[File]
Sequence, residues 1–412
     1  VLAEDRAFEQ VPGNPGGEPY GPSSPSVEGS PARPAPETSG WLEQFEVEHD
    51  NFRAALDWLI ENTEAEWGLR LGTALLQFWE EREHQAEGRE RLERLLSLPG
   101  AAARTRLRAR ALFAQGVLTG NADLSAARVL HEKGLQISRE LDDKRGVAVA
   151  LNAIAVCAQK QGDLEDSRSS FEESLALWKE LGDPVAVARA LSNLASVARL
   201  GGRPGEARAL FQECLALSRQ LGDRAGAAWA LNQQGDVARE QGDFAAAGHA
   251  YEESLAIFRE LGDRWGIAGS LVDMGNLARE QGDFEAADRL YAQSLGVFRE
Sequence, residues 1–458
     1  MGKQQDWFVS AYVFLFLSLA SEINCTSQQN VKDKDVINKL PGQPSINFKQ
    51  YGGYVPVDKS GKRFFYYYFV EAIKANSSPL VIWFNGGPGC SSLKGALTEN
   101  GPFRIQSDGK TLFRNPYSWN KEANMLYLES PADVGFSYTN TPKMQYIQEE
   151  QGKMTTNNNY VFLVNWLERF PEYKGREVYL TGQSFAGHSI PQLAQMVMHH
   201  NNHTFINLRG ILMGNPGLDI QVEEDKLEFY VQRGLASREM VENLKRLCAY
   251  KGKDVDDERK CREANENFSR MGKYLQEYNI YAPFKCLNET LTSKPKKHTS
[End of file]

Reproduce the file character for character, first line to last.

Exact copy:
Sequence, residues 1–412
     1  VLAEDRAFEQ VPGNPGGEPY GPSSPSVEGS PARPAPETSG WLEQFEVEHD
    51  NFRAALDWLI ENTEAEWGLR LGTALLQFWE EREHQAEGRE RLERLLSLPG
   101  AAARTRLRAR ALFAQGVLTG NADLSAARVL HEKGLQISRE LDDKRGVAVA
   151  LNAIAVCAQK QGDLEDSRSS FEESLALWKE LGDPVAVARA LSNLASVARL
   201  GGRPGEARAL FQECLALSRQ LGDRAGAAWA LNQQGDVARE QGDFAAAGHA
   251  YEESLAIFRE LGDRWGIAGS LVDMGNLARE QGDFEAADRL YAQSLGVFRE
Sequence, residues 1–458
     1  MGKQQDWFVS AYVFLFLSLA SEINCTSQQN VKDKDVINKL PGQPSINFKQ
    51  YGGYVPVDKS GKRFFYYYFV EAIKANSSPL VIWFNGGPGC SSLKGALTEN
   101  GPFRIQSDGK TLFRNPYSWN KEANMLYLES PADVGFSYTN TPKMQYIQEE
   151  QGKMTTNNNY VFLVNWLERF PEYKGREVYL TGQSFAGHSI PQLAQMVMHH
   201  NNHTFINLRG ILMGNPGLDI QVEEDKLEFY VQRGLASREM VENLKRLCAY
   251  KGKDVDDERK CREANENFSR MGKYLQEYNI YAPFKCLNET LTSKPKKHTS